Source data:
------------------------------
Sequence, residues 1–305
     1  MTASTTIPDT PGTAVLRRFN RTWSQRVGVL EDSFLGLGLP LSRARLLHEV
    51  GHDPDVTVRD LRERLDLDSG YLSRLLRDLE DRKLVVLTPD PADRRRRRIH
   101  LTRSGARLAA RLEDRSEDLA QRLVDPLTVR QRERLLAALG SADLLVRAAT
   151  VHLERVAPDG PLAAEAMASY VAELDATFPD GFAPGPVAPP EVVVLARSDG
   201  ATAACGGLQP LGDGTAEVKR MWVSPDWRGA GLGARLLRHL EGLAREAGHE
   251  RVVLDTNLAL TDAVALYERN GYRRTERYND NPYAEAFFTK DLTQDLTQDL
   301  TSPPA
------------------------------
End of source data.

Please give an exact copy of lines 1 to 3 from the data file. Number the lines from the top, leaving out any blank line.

Sequence, residues 1–305
     1  MTASTTIPDT PGTAVLRRFN RTWSQRVGVL EDSFLGLGLP LSRARLLHEV
    51  GHDPDVTVRD LRERLDLDSG YLSRLLRDLE DRKLVVLTPD PADRRRRRIH